We blog for a variety of personal reasons. Some of us want freedom — to express our art and opinions. Most of us want a connection to the larger world, to join our voices with others in support or opposition to ideas and events. For me, the primary reason I wanted a site was to own a piece of cyber turf where I felt safe to be myself.
I had been moderately active on social media for a while before I began blogging. I had Flickr and Facebook accounts and a second Facebook page dedicated to antique dolls. I was active on a number of photography forums. I wrote reviews on Amazon.
From these places, I was driven out by trolls. On one photography forum, I was hounded until I resigned … and then (the same?) trolls found me on Amazon.
There’s nothing exceptional about my experiences because I don’t know anyone who has been active on public forums who has not been attacked.
The trolls are usually anonymous, but always vicious. They use fake names. Why do they pick on some people and not others? Who knows. You’d have to get into their heads to figure it out. It has happened to so many people, from well-known authors to folks like me — perhaps the attacks are random. Are these the schoolyard bullies of our childhood, using computers instead of fists?
The trolls are forever searching for new victims, seeking vulnerable people to hurt.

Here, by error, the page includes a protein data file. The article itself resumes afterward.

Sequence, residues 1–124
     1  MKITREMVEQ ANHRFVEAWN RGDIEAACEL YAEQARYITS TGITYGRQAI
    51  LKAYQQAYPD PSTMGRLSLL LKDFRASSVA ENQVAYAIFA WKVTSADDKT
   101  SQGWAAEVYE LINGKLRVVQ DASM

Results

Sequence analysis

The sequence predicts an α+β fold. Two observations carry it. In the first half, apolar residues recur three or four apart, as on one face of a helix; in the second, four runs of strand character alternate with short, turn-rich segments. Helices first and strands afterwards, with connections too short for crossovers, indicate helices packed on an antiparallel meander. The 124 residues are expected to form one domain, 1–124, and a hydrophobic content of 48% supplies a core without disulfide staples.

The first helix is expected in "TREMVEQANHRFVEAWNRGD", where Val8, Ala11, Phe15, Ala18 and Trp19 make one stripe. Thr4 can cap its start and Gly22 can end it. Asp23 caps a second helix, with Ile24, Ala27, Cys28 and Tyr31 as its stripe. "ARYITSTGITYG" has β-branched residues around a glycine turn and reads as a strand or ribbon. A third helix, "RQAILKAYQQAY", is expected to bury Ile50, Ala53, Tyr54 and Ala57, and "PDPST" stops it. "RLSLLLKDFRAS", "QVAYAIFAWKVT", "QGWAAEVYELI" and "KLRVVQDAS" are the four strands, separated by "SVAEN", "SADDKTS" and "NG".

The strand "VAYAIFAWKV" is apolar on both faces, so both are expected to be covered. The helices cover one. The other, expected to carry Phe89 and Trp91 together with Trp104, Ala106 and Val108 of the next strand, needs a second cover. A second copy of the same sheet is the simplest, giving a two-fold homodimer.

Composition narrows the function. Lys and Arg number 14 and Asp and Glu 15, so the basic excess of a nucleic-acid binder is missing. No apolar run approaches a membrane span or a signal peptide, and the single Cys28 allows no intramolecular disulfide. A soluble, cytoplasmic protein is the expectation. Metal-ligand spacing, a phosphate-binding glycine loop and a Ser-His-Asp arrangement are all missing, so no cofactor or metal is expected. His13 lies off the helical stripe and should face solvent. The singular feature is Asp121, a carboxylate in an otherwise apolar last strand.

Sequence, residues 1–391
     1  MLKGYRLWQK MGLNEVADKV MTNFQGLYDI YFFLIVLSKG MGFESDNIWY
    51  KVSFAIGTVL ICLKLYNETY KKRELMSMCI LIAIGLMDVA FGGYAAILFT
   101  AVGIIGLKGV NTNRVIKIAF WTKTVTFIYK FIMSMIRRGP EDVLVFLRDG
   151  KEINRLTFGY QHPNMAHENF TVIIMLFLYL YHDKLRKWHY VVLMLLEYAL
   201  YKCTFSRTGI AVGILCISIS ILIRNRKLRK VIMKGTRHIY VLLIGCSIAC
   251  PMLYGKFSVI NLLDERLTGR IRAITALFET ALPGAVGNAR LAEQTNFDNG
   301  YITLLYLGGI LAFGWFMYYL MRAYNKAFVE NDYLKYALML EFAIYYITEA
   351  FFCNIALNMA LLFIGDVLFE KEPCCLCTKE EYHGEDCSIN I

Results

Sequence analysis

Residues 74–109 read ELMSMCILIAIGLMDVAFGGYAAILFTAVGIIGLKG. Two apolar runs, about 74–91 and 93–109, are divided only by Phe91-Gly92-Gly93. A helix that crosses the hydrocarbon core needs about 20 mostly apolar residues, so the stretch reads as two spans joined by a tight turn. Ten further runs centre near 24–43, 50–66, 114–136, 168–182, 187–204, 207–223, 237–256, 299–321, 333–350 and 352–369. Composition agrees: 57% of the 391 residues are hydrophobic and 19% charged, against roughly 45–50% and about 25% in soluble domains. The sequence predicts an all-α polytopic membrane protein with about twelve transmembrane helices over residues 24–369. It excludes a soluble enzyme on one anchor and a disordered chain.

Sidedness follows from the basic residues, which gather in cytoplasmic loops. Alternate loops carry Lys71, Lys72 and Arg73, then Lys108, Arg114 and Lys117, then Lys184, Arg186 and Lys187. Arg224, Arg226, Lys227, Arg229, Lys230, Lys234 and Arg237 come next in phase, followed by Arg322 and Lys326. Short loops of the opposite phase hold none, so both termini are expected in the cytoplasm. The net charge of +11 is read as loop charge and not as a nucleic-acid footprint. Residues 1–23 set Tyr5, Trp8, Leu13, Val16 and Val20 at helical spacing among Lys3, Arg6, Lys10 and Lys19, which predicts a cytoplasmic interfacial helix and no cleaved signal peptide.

About a year ago, I reviewed a book on Amazon. I thought it was racist and said so. I got so slammed by trolls who clearly hadn’t even read the book, whose only goal was to “get me,” I gave up. I took the review down. I know defeat when I see it staring me in the face.
The trolls were banned eventually (I was not their only victim), but Amazon (and other sites) are often slow to deal with cyber bullies and trolls. I suspect (but can’t prove) they don’t necessarily mind a little ugliness, if it keeps people interested, reading reviews, commenting. Buying stuff.
I needed a safe place where I could play by my rules, have a civil environment where we treat each other with a modicum of respect. Without name-calling. I was tired of being bullied, picked on or taunted.
Authors are frequent targets of cyber attacks. Writers are sensitive. It doesn’t matter how long we’ve been doing it. Every piece we publish is our baby and that makes us ideal targets for cyber bullies. We put ourselves out there with a target painted on our foreheads. It makes trolls very happy. If we didn’t exist, they would have to invent us.
Trolls love causing pain. The more misery they cause, the happier they are. There’s no effective way to fight them. After all, we live in a “free” society where everyone is supposedly “entitled” to an opinion. To the best of my understanding, no one is “entitled” to an opinion. Our laws say we can’t stop you speaking your mind — no matter how baseless, ignorant, cruel or illiterate. But protection under law isn’t an entitlement, nor does any opinion automatically have value.
Most trolling comments aren’t opinions. Just meanness. They don’t represent a position, nor are they part of a disagreement between opposing viewpoints. Their intent is to spread ill-will and hurt people. Nothing more.
In this place, my space — I’m the Queen. I make the rules and enforce them. I try to be fair, but in the end, I decide what’s fair. This is not a public forum. Want a free-for-all, maybe provoke a fight? Go join the mobs on Facebook. In this place, I will protect any guest who comments and I will protect myself. Because finally, I can!
Serendipity is a troll-free zone.